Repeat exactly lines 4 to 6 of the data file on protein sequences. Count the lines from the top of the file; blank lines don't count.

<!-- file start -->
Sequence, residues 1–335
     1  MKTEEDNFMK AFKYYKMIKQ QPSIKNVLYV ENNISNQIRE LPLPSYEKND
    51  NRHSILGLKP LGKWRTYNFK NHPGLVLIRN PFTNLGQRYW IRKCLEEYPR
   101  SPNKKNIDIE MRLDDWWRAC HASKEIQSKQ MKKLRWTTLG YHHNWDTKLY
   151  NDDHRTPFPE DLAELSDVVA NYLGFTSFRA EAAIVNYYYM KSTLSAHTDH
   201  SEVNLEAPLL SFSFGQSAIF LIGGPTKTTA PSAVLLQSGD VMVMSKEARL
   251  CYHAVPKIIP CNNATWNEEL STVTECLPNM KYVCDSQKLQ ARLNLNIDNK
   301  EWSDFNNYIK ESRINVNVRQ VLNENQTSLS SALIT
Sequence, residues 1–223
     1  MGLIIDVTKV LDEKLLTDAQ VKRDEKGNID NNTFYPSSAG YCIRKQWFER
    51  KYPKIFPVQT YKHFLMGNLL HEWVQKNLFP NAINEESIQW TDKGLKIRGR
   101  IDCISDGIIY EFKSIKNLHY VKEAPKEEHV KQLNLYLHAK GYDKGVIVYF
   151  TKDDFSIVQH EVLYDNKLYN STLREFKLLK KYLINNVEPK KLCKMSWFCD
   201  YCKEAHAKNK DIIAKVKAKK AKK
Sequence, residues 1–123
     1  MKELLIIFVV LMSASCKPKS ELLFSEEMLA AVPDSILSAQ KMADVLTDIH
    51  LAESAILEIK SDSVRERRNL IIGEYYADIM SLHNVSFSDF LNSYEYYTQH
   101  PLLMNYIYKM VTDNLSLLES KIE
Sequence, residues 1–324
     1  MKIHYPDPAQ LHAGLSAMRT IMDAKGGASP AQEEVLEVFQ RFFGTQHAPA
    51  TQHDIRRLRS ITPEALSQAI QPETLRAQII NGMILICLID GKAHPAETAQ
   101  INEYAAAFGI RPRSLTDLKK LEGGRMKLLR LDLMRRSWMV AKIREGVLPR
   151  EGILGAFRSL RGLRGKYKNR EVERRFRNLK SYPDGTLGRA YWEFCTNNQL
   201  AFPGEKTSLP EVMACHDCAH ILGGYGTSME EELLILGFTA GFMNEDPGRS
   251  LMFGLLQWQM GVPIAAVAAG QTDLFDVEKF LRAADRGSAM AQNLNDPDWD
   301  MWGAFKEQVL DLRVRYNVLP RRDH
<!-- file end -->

   101  SPNKKNIDIE MRLDDWWRAC HASKEIQSKQ MKKLRWTTLG YHHNWDTKLY
   151  NDDHRTPFPE DLAELSDVVA NYLGFTSFRA EAAIVNYYYM KSTLSAHTDH
   201  SEVNLEAPLL SFSFGQSAIF LIGGPTKTTA PSAVLLQSGD VMVMSKEARL